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There's erotica in the air at Cirque

The troupe's newest Las Vegas show explores human sexuality.

June 05, 2003|Diane Haithman | Times Staff Writer

About three years ago, during the planning stages for its third permanent show in Las Vegas, Cirque du Soleil considered creating a family-friendly clown show, said Lyn Heward president and chief operating officer of Cirque's creative content division.

Instead, Cirque's newest Las Vegas offering, "Zumanity," premiering Aug. 14 at New York-New York Casino, won't feature clowns for the kids, but instead an experiment in R-rated erotica for an audience 18 and older.

Rehearsals for "Zumanity" conclude Friday at Cirque's Montreal headquarters, and begin in the Vegas space June 23.

In a telephone interview Wednesday, Heward said Cirque du Soleil knew from the outset it wanted "Zumanity" to be different from its other two permanent Vegas shows, "Mystere" and "O."

Cirque began to reconsider its first impulse to create a clown show, Heward said, because of the small size of the performance space offered in the New York-New York casino -- about 1,200 seats versus the 1,600- to 2,500-seat spaces the company traditionally has used (Cirque's latest traveling show, "Varekai," premieres in Los Angeles Sept. 12). Cirque creators would not disclose the cost of creating "Zumanity." "O" cost a reported $100 million, and "Mystere" a reported $51 million.

"It had a very different feeling about it," she said. "It was a more close-up, intimate type of setting for a show. We thought, we can't do a massive, circus-like show." The intimacy of the space triggered the impulse to focus on an intimate subject: human sexuality. "We are bringing humanity, art and performance together to explore what people are sometimes timid to explore," she said.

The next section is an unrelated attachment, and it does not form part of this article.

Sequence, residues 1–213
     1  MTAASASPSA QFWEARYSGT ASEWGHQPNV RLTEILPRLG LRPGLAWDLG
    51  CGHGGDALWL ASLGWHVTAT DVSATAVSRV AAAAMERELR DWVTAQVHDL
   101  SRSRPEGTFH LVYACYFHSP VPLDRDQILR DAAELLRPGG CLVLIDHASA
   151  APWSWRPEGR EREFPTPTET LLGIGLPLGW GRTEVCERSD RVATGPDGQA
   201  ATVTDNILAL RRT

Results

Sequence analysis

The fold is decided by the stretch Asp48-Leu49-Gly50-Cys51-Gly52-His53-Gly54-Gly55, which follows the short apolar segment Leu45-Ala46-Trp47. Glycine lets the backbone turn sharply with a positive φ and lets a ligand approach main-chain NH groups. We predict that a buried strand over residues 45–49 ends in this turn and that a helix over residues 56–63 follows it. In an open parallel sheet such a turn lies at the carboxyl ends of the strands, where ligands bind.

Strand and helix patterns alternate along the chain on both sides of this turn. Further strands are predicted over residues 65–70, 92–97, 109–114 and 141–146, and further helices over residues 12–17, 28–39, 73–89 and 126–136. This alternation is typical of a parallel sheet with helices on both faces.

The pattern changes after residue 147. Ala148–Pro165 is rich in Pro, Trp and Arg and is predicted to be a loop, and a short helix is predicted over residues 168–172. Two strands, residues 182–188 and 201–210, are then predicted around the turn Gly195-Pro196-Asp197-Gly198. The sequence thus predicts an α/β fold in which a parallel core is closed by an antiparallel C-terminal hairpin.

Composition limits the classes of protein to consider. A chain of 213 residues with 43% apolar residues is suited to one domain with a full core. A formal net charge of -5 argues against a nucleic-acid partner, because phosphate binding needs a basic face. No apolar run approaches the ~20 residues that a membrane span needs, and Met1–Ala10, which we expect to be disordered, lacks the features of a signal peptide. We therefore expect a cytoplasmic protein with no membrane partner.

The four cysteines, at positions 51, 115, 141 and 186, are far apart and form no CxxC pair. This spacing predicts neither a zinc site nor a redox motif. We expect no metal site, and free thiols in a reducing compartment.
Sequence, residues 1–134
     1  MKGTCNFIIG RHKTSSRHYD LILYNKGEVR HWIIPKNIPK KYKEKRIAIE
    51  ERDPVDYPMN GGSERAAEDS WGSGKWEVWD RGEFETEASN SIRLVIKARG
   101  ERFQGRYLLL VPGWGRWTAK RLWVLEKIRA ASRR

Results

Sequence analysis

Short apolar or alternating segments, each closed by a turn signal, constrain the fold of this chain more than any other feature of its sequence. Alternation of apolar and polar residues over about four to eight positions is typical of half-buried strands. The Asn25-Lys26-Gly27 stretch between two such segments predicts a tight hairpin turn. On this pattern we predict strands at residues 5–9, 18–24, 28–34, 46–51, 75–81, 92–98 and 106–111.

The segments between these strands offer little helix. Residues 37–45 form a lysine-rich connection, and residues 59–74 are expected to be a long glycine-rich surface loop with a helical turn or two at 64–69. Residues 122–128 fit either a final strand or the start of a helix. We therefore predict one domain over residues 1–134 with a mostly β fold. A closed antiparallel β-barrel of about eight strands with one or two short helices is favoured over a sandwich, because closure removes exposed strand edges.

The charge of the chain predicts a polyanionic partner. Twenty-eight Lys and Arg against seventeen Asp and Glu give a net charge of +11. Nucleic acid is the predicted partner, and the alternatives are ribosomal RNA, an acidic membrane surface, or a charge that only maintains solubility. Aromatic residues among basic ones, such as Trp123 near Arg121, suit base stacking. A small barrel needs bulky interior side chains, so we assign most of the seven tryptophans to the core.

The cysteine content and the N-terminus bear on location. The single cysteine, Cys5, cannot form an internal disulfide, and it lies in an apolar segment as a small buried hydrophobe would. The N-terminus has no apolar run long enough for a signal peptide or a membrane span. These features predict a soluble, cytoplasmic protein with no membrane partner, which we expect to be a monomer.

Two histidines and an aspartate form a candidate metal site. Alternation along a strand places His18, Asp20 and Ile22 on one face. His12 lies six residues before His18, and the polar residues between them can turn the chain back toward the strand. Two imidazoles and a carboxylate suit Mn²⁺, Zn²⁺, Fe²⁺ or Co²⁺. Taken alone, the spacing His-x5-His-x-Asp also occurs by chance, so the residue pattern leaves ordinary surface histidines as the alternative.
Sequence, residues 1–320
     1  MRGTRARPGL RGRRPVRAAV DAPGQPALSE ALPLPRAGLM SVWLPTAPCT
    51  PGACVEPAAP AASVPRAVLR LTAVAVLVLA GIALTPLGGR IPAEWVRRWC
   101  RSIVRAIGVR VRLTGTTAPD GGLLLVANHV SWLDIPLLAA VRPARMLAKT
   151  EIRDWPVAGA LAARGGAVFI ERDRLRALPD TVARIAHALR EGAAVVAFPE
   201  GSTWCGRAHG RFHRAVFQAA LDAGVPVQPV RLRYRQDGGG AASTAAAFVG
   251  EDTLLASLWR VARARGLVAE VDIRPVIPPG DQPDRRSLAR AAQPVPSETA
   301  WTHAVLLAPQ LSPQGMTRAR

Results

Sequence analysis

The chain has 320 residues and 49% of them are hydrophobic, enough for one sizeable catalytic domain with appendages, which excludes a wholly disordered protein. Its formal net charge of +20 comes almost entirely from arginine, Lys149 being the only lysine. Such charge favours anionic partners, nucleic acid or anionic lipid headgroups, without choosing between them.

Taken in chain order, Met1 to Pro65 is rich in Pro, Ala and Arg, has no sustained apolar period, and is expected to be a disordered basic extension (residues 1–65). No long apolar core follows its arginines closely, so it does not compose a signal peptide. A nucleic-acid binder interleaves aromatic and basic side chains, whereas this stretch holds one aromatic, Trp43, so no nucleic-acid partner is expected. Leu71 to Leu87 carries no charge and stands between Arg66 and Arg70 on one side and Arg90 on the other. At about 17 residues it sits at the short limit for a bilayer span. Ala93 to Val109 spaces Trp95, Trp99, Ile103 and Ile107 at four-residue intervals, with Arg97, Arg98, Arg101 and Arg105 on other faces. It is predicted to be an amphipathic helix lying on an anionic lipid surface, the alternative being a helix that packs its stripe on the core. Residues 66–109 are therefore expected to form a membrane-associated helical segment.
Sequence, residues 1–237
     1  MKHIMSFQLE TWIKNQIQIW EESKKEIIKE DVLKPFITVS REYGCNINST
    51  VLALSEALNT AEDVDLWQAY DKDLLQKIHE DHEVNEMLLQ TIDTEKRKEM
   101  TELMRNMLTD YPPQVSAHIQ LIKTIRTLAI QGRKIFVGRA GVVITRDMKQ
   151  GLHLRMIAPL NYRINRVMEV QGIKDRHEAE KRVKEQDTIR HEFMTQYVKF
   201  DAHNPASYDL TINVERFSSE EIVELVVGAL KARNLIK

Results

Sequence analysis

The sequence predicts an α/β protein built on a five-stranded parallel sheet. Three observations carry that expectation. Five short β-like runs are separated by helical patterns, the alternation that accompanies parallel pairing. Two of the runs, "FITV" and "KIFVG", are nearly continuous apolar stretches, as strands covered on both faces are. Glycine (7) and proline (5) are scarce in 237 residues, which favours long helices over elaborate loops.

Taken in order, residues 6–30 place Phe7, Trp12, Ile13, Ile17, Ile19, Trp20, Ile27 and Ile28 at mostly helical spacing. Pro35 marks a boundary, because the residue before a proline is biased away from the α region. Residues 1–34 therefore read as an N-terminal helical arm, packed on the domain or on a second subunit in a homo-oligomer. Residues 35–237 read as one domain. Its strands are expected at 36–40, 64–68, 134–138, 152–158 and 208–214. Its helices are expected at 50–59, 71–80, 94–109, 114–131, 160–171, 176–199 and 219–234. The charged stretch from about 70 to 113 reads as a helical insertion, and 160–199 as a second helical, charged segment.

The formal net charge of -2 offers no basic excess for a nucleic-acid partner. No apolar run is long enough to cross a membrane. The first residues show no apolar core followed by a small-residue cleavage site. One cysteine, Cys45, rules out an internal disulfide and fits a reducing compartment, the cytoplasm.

Audience members must be 18 to be admitted. The performance will adhere to county guidelines prohibiting "lewdness" -- which, Heward observed, is never Cirque's style anyway.

While Cirque is remaining mysterious about the show's content, Nevada laws dictate that, while breasts can be displayed during the show, genitalia must remain covered.

"We have an approach that the human body in all its forms is beautiful; our other shows also deal with that," she said. "Our other shows also have a sensual edge to them, but this show goes farther than that." The show defuses the eroticism with a hearty dose of humor, Heward said. "We can laugh at ourselves too, and show our foibles when it comes to our sensuality," she said.

Heward said the style of the show called for "more mature" artists than past shows, including acrobats who are less gymnastic and more "exotic."

She added that "Zumanity" will capitalize on what she calls a resurgence of interest in cabaret performance, evidenced by the popularity of the movie "Moulin Rouge!"

" 'Moulin Rouge!' and some of the films that have come out have really brought home the notion of a more European or 'world' style of cabaret theater," Heward said. "This is a hotel casino that is built to look like New York City; you think of an underground edge to the clubs there, and that's what this show has. It's an edge that you might feel more at home with in New York or Berlin or Paris than in Las Vegas."

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